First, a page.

Sports fans, athletes, and coaches widely consider home court advantage to play a big role in basketball games. A loud arena can feel like it’s closing in on the away team, making it impossible to build momentum. We see this effect in the NBA and National Collegiate Athletic Association, but how have the Varsity Blues basketball teams fared on the road versus at home? How do they stack up against the rest of the Ontario University Athletics (OUA)?


Across the OUA men’s league, the benefit of a strong home court advantage is clear. The Carleton Ravens, who regularly dominate the OUA, led the league again this year with a record of 20–4 — their 11–0 record at home was a major reason for their great record. 

Other top teams like the Ottawa Gee Gees, the Windsor Lancers, and the Queen’s Gaels had nine wins at home this season. These teams saw major success, and their near perfect records at home were big reasons for that. 

The best teams in the league generally have a strong home court advantage, which helps them rack up wins during the regular season. This allows them to play playoff games at home, making their home court advantage even more valuable. If the Blues want to elevate themselves into the upper echelon of the OUA teams, perhaps focusing on winning at home and improving their home court advantage is the place to start. 

Men’s basketball

The Blues men’s team just finished a successful season where they made the first round of the playoffs and had a record of 13–10. This season they went 7–4 at home and 6–6 on the road — slightly better at home. However, this isn’t the stark difference that you might expect. It gives them a 0.571 win percentage at home which, compared to NBA teams, would have them with the 17th best home record — significantly below average. 

Surprisingly, this is typical for the Blues who have never been a team with a strong home court advantage. In fact, the last time the Blues made it to 10 wins at home was during the 2008–2009 season! It’s possible that the lack of a definitive home court advantage holds the Blues back from becoming one of the elite teams in the OUA.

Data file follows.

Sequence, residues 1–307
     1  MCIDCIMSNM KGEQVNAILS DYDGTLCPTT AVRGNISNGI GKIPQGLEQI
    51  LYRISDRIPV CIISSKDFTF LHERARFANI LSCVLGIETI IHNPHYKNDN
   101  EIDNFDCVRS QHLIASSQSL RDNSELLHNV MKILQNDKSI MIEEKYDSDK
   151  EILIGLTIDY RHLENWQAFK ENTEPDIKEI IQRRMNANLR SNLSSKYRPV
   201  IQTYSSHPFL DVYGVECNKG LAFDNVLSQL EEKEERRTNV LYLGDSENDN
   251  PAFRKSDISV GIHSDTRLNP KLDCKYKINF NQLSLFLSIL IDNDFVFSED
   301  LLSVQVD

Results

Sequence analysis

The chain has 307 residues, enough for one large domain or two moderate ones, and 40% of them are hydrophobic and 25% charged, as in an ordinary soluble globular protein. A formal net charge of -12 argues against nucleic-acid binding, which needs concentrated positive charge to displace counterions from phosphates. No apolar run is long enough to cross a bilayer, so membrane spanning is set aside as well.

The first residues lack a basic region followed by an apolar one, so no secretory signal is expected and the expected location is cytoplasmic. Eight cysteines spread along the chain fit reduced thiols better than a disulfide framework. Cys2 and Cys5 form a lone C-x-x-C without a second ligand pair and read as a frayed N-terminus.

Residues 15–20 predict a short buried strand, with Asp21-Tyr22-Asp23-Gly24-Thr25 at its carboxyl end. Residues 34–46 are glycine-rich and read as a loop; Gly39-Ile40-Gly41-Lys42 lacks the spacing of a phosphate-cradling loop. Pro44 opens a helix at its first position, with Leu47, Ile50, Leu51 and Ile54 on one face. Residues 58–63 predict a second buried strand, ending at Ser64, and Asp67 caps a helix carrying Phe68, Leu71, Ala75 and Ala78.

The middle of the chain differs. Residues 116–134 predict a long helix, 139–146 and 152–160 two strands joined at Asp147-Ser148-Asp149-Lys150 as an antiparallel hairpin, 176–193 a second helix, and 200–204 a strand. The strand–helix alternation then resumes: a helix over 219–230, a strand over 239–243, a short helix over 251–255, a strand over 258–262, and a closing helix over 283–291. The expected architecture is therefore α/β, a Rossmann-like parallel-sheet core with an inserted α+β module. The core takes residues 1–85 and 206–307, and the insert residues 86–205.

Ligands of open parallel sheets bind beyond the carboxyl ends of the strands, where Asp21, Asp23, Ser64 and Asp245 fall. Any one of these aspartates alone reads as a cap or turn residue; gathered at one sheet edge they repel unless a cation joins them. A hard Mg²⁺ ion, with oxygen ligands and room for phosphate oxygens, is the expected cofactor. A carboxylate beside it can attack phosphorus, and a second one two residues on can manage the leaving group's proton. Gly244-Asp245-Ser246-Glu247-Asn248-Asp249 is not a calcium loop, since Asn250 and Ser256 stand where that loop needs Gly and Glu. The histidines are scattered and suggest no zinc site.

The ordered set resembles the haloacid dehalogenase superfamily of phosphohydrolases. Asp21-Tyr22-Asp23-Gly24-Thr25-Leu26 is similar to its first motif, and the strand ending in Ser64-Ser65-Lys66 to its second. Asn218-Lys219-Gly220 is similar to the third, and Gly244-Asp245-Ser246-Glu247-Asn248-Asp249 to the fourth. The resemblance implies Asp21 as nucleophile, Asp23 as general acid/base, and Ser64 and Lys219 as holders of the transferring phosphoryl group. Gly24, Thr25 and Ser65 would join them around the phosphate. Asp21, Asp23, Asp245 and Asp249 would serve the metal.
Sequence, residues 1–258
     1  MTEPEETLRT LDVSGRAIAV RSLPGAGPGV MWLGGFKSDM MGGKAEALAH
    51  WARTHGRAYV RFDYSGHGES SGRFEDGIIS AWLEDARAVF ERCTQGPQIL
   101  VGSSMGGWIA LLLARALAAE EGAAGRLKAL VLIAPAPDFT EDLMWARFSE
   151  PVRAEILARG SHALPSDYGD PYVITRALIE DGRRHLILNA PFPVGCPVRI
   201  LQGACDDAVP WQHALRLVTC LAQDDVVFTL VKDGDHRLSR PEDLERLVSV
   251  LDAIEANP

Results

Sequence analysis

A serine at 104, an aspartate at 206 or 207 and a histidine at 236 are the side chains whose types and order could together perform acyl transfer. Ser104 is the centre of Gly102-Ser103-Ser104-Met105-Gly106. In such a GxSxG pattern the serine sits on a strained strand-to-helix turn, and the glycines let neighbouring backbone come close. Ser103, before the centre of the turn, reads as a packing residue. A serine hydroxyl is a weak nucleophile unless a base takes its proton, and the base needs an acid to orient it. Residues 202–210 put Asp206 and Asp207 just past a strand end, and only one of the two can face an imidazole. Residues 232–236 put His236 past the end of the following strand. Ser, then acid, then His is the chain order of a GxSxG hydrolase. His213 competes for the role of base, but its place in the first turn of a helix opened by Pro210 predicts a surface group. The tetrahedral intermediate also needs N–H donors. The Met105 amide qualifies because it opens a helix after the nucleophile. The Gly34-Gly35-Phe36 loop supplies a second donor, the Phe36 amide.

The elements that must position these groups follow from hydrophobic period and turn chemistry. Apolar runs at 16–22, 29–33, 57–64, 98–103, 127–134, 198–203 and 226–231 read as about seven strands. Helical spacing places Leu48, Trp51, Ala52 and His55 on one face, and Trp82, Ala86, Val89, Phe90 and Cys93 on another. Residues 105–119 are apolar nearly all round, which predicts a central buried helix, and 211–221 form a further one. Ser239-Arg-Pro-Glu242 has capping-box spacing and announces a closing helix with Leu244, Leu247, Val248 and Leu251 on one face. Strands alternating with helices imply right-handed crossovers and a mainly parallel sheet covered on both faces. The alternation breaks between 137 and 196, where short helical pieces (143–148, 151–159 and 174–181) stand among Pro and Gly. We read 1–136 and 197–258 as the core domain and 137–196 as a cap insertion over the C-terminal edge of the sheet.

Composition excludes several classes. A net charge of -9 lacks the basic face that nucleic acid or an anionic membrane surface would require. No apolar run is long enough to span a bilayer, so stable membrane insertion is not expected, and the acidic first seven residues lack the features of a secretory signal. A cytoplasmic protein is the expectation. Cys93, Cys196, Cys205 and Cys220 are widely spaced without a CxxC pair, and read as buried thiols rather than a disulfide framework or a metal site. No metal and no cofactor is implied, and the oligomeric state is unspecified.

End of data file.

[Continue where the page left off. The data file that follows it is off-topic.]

Women’s basketball

The Varsity Blues women’s team did get a significant statistical advantage from playing on their home court this season. With both home and away records of 2–9, this is the third season in which the team had the exact same record at home and away — the other two seasons were 2012–2013 and 2013–2014. 

The effect of a home court advantage changed considerably over the last decades. In fact, the four seasons inclusively between 2008–2009 and 2011–2012 saw the Blues win an impressive 83 per cent (39–8) of their regular season home games compared to 50 per cent (24–24) of their away games. 

It is unclear what is behind today’s home court indifference. Maybe it has something to do with the shift from playing at the Athletic Centre to the Goldring Centre in 2014. Or maybe the 2008–2012 fanbase brought a special energy that left when they graduated — in which, we need to bring that spirit back next year for the Blues.